MultiLine Replace (multiple hosts in hostsfile)
I have a hosts file that is over run with too many entries most of which I don’t want and some which I do. I have another hosts files containing only those hosts I don’t want. How can I take the list of hosts I don’t want, and multi-line remove/replace them with nothing in my original hosts file?
I have tried toolbucket multifind and replace, but it searches the multi line as one contiguous line, and not each independent line as an independent entry. there should be an option for this. how simple and how important such a feature could be. anyone know how to do this?
see I can search for one line, and replace that no problem. but i can’t just as easily insert a multi-line of the entire hosts lists and replace it. should be simple imo.
Hi, @rugabunda and All,
This problem has been already discussed many times ! So :
You have a first file, named
File_A.txt, which contains a list of… whatever you like !
You have a second file, named
File_B.txt, which contains the same kind of list, with fewer lines than in
And you would like to delete, in
File_A.txt, all the lines, which are, ALSO, present in
Wouldn’t you ?
Not difficult with regular expressions ;-)). Note that the following regex S/R compares complete lines, only !
Here is the method :
Copy/paste all contents of the main
File_A.txtfile in a new tab
At the end of this main list, add a new line of, at least
now, append all contents of the
File_B.txtfile, AFTER this line
Ctrl + H)
Regular expressionsearch mode
- Click, once on the
Replacebutton or several times on the
Et voilà ! In the new N++ tab, any line, which was, both, present in the two files, has been deleted, as well as any possible duplicate lines, in the main
For instance, let’s consider a
File_A.txtcontents, below :
Smith Oliver Jones Olivia TaylorGeorge Brown Amelia Williams Harry Wilson Emily Johnson Jack Davies Isla Davies Isla Davies Isla Robinson Jacob Wright Ava Green Lily Thompson Noah Evans Jessica Walker Charlie White Isabella Roberts Muhammad Green Lily Hall Thomas Wood Ella Jackson Oscar Clarke Mia
Note that the complete names Davies Isla and Green Lily has, respectively,
1duplicates, in that example list !
Then, let’s suppose the following
Jackson Oscar Green Lily Thompson Noah Jackson Oscar Williams Harry
Again, note the the complete name Jackson Oscar has
Once you added the separation line and gathered the contents of the two files, with
File_A.txtin first position, you’ll get, in the new tab, the text :
Smith Oliver Jones Olivia TaylorGeorge Brown Amelia Williams Harry Wilson Emily Johnson Jack Davies Isla Davies Isla Davies Isla Robinson Jacob Wright Ava Green Lily Thompson Noah Evans Jessica Walker Charlie White Isabella Roberts Muhammad Green Lily Hall Thomas Wood Ella Jackson Oscar Clarke Mia --- Jackson Oscar Green Lily Thompson Noah Jackson Oscar Williams Harry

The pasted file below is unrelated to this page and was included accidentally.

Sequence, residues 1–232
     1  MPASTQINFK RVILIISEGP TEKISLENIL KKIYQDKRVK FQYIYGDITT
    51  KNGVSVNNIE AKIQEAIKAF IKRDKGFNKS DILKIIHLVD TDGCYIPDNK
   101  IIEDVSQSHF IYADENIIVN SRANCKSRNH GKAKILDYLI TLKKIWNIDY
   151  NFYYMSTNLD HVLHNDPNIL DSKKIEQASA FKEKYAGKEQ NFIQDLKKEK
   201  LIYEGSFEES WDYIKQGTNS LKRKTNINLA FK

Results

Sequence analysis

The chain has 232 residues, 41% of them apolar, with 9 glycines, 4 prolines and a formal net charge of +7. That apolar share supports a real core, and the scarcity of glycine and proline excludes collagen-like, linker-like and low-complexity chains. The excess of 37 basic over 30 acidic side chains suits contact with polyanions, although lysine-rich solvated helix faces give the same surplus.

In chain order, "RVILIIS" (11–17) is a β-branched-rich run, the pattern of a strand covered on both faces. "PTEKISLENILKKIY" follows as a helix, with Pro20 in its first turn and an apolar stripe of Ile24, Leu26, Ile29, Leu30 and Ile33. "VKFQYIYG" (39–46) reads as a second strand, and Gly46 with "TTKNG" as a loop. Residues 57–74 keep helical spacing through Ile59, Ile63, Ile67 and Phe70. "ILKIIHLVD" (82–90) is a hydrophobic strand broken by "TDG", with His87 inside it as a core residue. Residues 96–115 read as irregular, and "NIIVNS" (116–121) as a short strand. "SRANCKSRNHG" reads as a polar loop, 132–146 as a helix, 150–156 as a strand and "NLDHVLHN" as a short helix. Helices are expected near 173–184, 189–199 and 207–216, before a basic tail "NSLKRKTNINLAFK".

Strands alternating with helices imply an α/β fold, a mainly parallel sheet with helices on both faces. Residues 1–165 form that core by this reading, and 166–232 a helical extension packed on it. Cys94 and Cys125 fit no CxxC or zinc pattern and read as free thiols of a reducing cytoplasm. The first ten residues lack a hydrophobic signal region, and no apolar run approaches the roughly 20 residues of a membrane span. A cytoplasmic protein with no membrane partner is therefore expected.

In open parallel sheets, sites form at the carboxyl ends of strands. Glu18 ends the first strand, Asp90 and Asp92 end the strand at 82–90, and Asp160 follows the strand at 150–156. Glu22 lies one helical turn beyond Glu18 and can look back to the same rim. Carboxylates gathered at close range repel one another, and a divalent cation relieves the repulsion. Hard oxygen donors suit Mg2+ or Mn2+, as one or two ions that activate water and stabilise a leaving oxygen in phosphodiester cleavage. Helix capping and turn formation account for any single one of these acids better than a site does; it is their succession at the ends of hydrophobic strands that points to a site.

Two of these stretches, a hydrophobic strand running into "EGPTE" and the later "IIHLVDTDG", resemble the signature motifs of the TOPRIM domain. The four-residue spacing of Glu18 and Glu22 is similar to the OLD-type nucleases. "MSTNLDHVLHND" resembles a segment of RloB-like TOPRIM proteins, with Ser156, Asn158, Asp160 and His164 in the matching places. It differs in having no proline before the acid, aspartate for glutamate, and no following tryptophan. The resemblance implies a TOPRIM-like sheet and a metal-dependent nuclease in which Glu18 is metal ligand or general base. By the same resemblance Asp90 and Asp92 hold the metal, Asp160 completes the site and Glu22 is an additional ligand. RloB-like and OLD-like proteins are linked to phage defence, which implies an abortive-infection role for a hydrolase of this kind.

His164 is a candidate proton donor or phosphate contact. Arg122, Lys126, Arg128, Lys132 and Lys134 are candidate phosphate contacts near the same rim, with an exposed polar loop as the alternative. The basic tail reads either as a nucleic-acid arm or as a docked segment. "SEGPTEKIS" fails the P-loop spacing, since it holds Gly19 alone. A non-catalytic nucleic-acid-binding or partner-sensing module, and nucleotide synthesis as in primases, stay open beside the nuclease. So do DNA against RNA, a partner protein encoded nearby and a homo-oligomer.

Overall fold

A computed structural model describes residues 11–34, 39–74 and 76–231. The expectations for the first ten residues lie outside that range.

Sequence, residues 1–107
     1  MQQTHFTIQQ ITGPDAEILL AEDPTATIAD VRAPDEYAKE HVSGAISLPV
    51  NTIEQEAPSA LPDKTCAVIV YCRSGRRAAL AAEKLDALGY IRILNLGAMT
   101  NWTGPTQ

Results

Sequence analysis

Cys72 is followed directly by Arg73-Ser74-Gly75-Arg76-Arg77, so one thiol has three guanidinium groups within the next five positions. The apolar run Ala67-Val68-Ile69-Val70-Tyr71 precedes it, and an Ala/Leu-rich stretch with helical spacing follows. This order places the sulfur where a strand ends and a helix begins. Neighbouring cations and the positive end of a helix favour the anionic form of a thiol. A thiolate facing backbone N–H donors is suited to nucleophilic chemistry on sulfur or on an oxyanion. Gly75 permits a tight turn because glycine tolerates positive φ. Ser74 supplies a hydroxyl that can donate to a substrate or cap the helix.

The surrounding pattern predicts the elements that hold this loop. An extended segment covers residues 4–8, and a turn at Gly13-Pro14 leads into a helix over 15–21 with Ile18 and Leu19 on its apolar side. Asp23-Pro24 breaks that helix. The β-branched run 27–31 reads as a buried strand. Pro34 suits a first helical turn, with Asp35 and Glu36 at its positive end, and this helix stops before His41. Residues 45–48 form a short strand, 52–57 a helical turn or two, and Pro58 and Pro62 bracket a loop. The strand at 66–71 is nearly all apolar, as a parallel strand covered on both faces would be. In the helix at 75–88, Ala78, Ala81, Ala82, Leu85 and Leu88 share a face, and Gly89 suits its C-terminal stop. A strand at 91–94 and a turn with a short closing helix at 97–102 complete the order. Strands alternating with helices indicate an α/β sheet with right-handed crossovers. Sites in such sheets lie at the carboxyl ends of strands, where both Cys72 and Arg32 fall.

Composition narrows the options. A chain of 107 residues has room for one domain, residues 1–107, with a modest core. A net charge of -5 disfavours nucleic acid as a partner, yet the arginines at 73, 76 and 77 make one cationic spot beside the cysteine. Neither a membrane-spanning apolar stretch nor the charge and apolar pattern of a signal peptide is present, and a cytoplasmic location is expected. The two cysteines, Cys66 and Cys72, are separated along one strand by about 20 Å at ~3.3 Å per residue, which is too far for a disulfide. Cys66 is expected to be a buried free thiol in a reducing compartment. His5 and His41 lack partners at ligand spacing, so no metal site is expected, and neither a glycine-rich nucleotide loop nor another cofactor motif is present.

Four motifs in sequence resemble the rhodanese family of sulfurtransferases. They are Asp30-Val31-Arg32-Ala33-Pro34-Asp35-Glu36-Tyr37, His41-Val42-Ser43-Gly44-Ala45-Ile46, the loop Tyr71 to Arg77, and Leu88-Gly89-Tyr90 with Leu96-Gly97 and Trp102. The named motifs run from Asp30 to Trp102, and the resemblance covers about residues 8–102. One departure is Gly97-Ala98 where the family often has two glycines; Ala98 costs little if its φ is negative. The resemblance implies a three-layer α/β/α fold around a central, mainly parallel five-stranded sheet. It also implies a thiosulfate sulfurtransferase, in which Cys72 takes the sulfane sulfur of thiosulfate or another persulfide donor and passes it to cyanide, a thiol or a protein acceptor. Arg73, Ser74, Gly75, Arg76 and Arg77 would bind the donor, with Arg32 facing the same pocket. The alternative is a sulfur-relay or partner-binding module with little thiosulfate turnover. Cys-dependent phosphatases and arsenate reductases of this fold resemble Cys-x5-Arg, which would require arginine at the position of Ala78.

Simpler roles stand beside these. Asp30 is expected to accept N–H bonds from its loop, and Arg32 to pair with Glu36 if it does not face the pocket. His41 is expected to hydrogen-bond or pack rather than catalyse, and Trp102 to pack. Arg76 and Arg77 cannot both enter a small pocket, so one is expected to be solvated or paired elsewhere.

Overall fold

After performing the regex S/R :
You’ll obtain the expected list :
Smith Oliver Jones Olivia TaylorGeorge Brown Amelia Wilson Emily Johnson Jack Davies Isla Robinson Jacob Wright Ava Evans Jessica Walker Charlie White Isabella Roberts Muhammad Hall Thomas Wood Ella Clarke Mia
As usual, at beginning, the
(?-s)modifier means that the dot
.character will match any single standard character
Then, the part
^(.+\R), matches, from beginning of line,
^, all the characters, of any non-blank line,
.+, with its line-break characters
\R, stored as group
1, due to the parentheses
But ONLY IF the regex
((?s).+?\R)?\1, contained in a positive look-ahead structure
That is to say, if a second occurrence of the group
1( the complete line ),
\1is found, after an optional block,
(....)?, of complete lines,
(?s).*?\R, which represents the shortest non-null range of any character,
.+?( standard or EOL ones ) due to the
(?s)modifier and ending with a line-break,
Now, when no more duplicates can be found, the regex engine tries the second alternative of the search regex, after the
|alternation symbol, that is to say the regex
(?s)^---.+, which grabs the longest range of any character, from the separation line till the very end of the file, due to the
(?s)modifier which means that dot
.matches any single character ( standard and EOL one )
In replacement, all the lines or block matched are, simply, deleted, as the replacement zone is empty
I’m concerned about you throwing about the terminology “multi line” without really explaining what that means to your task at hand. Sure, it is 100% clear to you, but to people that might try to help you…it may lead to a misunderstanding. Sure if @guy038 has giving you enough info to move forward, go for it, but if not, how about showing some sample before and desired/after data to elicit further help?